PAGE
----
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Lesson Plans

Re: artsednet-digest V2 #1086

[ Thread ][ Subject ][ Author ][ Date ]
Victor Capone (viccapone)
Tue, 24 Nov 1998 00:14:32 -0400

> Date: Mon, 23 Nov 1998 16:04:13 -0700
> From: "Kerin Allen" <>
> Subject: ID:UA/ Criticism & Aesthetics 2nd Activities
> Kerin Allen
> Art and Ecology Lesson
> Additional Criticism and Aesthetics Activities
> Student level: Intermediate
> Criticism Activity : FINDERS / SEEKERS
> The activity is based on the cooperative learning skill, pair
> check, where the one student instructs and the second responds. The two
> switch at a prescribed interval so each child has an opportunity to be
> the Œcoach' and the Œlearner'. This is a follow-up activity to the
> Criticism segment, introducing Lynne Hull and her artwork.
> Location: Inside a classroom followed by an outside setting (ie:Sabino
> Canyon)
> Objective: Students will Œfind' similarities between the artwork
> design, the functional concept and discoveries they located both in the
> classroom and a natural environment setting. Students will relate their
> findings and defend their selection after each event. On completion of
> both events, they will compare and discuss the findings from the
> classroom and the natural environment in relation to the artwork.
> Preparation: In both settings, the instructor provides the artwork,
> pencils and a container with individual slips of paper. Each slip has
> one Œfind' instruction related to the criticism questions. The
> following are possible examples.
> Find:
> ... something that might have been used to make this design.
> ... an item that resembles a shape (your choice) in the artwork.
> ... other shapes that the artist might have used in this artwork.
> ... a location that is similar to the one in the artwork.
> ... an item that functions in a similar manner to the artwork.
> ... one thing that could also be an abstraction of an element in
> nature.
> Event: In the classroom setting, students pair up. Each student
> selects a Œfind' slip and a pencil. One student reads their Œfind'
> slip outloud to their partner, providing encouragement but no
> assistance. The partner analyzes the artwork then Œseeks' that which is
> requested on the slip. They may retrieve the item (if possible), draw
> or note the location on the back of the slip. When that student
> completes their Œfind', the partners switch roles. The activity
> repeats. When all have performed the activity, they gather as a
> group. Each pair reads their instruction slip, shows their Œfind' or
> their notes and discusses their selection.
> After the second event takes place in the natural environment, the
> group gathers again to compare findings from the different locations.
> They discuss how their different findings relate (compare/contrast) to
> the design and function of the artwork.
> Options: Students may use their Œfinds' to design their own
> functional artwork. This may lead into a studio project.
> *******************************************************************
> Aesthetics Activity : WHAT ART THOU?
> This is a role-playing activity that takes place over a series of
> class meetings. This activity requires time for the students to
> research, discuss, write and perform their assigned parts. Teacher and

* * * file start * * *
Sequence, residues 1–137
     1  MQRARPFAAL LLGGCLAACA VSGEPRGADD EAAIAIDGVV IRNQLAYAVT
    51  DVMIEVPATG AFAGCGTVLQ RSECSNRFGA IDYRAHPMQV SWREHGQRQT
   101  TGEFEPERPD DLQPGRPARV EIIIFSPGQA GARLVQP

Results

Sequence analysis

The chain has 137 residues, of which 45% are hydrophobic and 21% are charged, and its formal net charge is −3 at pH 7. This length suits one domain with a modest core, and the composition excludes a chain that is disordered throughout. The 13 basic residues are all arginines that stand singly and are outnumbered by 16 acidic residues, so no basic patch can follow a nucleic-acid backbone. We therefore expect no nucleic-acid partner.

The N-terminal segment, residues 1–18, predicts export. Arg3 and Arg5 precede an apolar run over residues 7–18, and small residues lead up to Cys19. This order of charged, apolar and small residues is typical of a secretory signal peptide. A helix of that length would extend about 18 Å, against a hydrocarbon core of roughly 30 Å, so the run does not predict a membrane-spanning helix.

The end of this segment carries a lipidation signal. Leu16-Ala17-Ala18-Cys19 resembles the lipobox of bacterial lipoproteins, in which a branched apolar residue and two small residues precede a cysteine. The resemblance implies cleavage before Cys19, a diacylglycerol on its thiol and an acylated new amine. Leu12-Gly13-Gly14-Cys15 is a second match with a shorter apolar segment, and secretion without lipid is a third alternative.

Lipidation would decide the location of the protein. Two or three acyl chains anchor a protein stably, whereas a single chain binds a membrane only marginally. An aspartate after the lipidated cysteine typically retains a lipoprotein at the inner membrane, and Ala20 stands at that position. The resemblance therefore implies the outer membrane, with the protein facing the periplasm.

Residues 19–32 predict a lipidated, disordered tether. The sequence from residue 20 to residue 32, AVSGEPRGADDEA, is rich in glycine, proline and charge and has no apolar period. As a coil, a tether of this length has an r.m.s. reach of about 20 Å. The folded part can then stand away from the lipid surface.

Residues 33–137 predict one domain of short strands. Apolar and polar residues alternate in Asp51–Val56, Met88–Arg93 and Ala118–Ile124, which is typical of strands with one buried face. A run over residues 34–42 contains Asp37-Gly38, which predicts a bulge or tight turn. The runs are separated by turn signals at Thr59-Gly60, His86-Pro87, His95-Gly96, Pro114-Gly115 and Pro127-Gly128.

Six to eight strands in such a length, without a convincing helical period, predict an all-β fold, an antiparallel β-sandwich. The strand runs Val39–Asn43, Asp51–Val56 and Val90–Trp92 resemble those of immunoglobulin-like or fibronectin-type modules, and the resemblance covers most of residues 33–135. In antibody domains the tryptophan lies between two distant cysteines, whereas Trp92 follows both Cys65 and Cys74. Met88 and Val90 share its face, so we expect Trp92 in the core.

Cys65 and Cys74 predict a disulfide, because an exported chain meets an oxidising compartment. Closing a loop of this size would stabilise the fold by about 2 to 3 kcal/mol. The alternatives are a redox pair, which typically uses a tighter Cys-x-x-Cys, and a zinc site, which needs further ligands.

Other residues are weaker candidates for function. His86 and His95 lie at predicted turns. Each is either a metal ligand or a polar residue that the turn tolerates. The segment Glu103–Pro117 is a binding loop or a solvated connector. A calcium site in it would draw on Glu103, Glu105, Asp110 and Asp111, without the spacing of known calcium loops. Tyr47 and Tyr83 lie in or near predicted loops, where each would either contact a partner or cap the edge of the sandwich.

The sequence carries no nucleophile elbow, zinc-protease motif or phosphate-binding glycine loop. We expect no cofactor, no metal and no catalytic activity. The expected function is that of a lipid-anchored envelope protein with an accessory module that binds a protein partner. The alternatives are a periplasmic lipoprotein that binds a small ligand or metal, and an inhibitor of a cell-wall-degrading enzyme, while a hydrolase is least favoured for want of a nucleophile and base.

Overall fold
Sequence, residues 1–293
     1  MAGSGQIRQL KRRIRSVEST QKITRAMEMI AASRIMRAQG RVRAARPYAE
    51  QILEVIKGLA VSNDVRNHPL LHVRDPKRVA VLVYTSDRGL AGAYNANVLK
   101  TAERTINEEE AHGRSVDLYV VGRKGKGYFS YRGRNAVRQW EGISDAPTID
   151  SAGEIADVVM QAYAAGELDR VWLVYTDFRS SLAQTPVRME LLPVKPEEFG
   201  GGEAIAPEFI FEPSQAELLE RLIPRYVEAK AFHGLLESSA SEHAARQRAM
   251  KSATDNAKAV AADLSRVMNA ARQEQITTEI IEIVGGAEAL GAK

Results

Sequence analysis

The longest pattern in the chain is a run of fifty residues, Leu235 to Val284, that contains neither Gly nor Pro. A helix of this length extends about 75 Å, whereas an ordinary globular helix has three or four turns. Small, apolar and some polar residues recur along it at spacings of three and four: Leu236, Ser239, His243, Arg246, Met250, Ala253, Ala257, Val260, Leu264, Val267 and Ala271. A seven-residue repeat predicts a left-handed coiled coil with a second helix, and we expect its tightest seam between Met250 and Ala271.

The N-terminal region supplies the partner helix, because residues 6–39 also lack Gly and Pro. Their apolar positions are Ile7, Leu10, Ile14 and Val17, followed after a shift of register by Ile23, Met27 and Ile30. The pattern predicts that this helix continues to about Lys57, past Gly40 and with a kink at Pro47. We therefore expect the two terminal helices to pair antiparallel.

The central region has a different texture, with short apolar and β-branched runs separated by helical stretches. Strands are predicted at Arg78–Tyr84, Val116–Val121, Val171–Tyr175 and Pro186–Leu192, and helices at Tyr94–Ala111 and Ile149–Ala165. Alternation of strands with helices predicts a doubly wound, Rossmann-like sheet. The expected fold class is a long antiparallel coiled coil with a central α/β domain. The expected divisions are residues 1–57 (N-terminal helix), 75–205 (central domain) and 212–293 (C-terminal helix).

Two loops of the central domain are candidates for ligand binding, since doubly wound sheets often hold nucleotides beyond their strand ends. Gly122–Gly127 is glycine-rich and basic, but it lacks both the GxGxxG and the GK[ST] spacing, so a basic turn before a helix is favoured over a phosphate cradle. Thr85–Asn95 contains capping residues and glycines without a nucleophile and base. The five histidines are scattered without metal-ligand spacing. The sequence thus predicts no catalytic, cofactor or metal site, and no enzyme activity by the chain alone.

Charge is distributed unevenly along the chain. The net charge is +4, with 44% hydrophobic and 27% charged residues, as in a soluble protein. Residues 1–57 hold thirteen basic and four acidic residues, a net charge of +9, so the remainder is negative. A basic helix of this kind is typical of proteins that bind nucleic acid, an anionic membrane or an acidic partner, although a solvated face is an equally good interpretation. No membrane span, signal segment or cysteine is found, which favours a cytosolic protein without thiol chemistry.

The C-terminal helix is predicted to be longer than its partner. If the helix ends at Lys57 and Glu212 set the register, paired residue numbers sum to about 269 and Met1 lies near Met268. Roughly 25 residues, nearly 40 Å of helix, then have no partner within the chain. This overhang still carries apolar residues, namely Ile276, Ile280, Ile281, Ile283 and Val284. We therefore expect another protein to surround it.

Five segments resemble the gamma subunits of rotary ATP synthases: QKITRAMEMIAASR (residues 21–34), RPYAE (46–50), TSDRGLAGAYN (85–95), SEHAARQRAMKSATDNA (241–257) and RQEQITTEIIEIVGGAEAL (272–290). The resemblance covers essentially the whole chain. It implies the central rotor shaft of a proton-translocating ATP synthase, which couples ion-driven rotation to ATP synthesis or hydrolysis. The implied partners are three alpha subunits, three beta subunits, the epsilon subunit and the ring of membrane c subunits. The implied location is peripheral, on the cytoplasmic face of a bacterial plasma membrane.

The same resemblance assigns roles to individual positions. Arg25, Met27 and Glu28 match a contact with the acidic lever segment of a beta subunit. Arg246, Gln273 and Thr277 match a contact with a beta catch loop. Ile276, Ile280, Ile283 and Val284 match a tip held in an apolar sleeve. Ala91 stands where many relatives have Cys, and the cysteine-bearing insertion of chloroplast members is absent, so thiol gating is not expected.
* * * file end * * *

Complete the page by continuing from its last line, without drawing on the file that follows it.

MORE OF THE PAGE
> students may discuss the Aesthetics Puzzle: Nature as Inspiration for
> Artists prior to this event.
> Objective: In the course of their role playing, the students will
> determine what criteria defines a work of art versus an artifact. They
> will decide how (if at all) the artwork in question fits within their
> criteria.
> Premise: A distinguished gray-haired gentleman makes an
> appointment with the curator of the art museum. He wishes to show the
> director an object he found in the root cellar on his newly acquired
> property. At the appointed time, the gentleman arrives with a landscape
> painted on the surface of a thin clay slab. The painting has partially
> deteriorated due to moisture and the signature in evidence, is difficult
> to read. The gentleman wants to know who the artist is. The curator
> decides that deciphering would not be too difficult and assigns a team.
> During the process of deciphering, the team discovers the name T.
> Cole. However, the team also discovers marks under the peeling surface
> that appear to be petroglyphs. The curator is notified and calls in a
> team of archeologists. The archeological team eagerly investigate the
> marks. They all convene in a meeting of the minds to determine if the
> piece is a work of art or a petroglyph of an ancient civilization.
> Players: A distinguished gray-haired gentleman
> An art museum curator
> A team of art specialists
> A team of archeologists
> Preparation: The students will write a dialog or prepare a speech to
> fit the roles selected. Students of each team may research the work
> of Thomas Cole and / or the petroglyphs to assist in their debate.
> Event: The students will play the individual scenes as written.
> All will meet to determine how to classify the landscape painting on the
> slab. The art specialists will debate the merits of the work as fine
> art. The archeological team will debate the merits of the work as a
> petroglyph. The distinguished gentleman and the curator will be swayed
> to either side depending on the persuasive arguments. Each team will
> draw their own conclusion based on their findings but the final
> determination will be made by the distinguished gentleman and curator.
> Option: The artwork in question may be changed as needed to suite
> the knowledge level of the students. Additionally, more research may be
> required if this event is a prelude to an art history segment.